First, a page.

In case you were unaware, Team Solo Mid’s ZeRo is the best player in Smash 4. Like, he’s really good at this video game. He still holds the game’s longest win streak, has been first on every PGR, and continues to be the clear favorite at every tournament he attends.
Naturally, being the best comes with its own special brand of hate. Like the Yankees or the Patriots, ZeRo’s dominance paints a clear target on his back. It is often more fun for fans to cheer against the Chilean king of Smash than to cheer for him. While rooting for the underdog is perfectly normal, the hate against ZeRo has a unique, mean-spirited flavor.
Hate The Best
When someone is so uniquely dominant, the usual defense is for a critic to try and invalidate their success. You would say that the Yankees only win because they buy all the best players. Someone might argue that the Patriots can only win so many Super Bowls because their coach is a dirty dirty cheater. There’s a degree of truth to both of these claims, but the teams still have to go out and execute in order to win, so the teams still garner plenty of true, loyal fans.
The strategy most often used to attack ZeRo is slightly different. The most common criticism you’ll see of ZeRo is that his playstyle is boring. He camps too much, he doesn’t play with enough aggression, Diddy is a stupid character, etc. This is a fascinating circumvention of form. No one is actually trying to say that ZeRo cheats to win, or that he has some sort of unfair advantage. Few people even try to argue that Diddy is too powerful and he’s being carried by an overpowered character. Instead, the tactic is to invalidate ZeRo’s entire place within Smash because he is not entertaining. They say that he’s ruining the game, that he doesn’t respect his opponents because he just plays lame against everyone.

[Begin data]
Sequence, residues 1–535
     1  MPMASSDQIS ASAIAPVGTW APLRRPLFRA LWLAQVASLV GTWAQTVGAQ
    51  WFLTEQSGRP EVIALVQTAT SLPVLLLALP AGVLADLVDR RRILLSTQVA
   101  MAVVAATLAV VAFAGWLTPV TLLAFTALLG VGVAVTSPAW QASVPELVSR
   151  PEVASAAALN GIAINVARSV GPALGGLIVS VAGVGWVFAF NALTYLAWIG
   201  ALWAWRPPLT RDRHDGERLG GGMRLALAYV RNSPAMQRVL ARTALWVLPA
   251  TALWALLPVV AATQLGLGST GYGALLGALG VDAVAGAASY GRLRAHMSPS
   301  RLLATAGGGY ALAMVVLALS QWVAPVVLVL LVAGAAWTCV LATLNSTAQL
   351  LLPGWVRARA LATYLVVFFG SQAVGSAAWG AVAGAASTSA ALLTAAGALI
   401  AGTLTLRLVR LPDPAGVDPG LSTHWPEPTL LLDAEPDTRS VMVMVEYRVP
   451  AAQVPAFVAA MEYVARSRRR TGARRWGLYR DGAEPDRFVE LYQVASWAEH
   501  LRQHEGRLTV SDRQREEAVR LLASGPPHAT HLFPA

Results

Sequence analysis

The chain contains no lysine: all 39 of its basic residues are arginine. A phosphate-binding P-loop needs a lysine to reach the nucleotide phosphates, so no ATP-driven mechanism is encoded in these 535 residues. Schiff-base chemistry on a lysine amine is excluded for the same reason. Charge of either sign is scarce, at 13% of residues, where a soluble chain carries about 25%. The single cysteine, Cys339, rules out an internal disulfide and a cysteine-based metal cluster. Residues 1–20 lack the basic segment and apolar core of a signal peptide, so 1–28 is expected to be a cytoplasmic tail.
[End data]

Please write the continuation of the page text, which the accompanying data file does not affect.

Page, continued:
Smash is such an interesting sport in that so often a player’s persona is directly tied to their character and play in the game. Play a low-tier? You’re probably a fun person. Play Bayonetta? You’re probably a bad person? Play a super campy Diddy Kong? You’re probably a boring person. Today, I want to try and separate the in-game character from the human person of ZeRo. To do that, let’s take a look at the way ZeRo pops off at the end of a set.
The ZeRo Popoff
There have been some truly great popoffs this year. We’ve had the unique….style of Dabuz, the raw emotion of ESAM, and the pure joy of HIKARU. However, the one that truly sticks out in my mind is ZeRo’s celebration at the end of Grand Finals at Royal Flush.
To set the scene, ZeRo had made it through the tournament in Winner’s Side. Mr. R came through the Loser’s Finals, and reset the bracket. His Cloud took ZeRo all the way to game 10 of the set. The last game went all the way to the final stock. Then suddenly, ZeRo was able to get Mr. R off stage and spike him at low percent, claiming the victory. The set is embeded at the top of this article. Go watch, and skip to about 36:20. Watch the way ZeRo reacts here. He immediately jumps up and is so excited that he rips off his jacket and slams it on the ground. It’s actually very reminiscent of ESAM’s Pikachu throw at Civil War. Such raw passion and relief.